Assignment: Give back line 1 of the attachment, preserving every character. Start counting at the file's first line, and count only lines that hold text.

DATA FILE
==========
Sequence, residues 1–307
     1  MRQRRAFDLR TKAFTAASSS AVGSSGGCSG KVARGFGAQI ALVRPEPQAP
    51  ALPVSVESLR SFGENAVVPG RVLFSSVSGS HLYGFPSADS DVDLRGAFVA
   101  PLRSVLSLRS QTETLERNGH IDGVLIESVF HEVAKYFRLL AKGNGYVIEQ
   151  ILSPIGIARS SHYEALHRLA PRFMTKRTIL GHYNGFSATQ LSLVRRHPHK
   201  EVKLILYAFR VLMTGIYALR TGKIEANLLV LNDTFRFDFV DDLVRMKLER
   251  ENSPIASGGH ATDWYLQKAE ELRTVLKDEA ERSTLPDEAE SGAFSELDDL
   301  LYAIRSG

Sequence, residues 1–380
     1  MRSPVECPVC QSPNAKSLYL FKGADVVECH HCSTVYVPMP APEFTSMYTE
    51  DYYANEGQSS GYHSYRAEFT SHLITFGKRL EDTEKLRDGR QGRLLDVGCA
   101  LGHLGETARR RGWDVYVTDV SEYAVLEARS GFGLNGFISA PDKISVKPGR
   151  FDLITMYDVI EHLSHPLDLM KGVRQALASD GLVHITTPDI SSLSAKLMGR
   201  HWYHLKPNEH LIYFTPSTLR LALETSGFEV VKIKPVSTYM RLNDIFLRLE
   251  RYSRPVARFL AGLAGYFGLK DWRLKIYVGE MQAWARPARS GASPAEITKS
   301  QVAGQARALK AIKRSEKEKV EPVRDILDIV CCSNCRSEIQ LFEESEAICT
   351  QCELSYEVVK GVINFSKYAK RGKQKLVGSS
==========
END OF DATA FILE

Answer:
Sequence, residues 1–307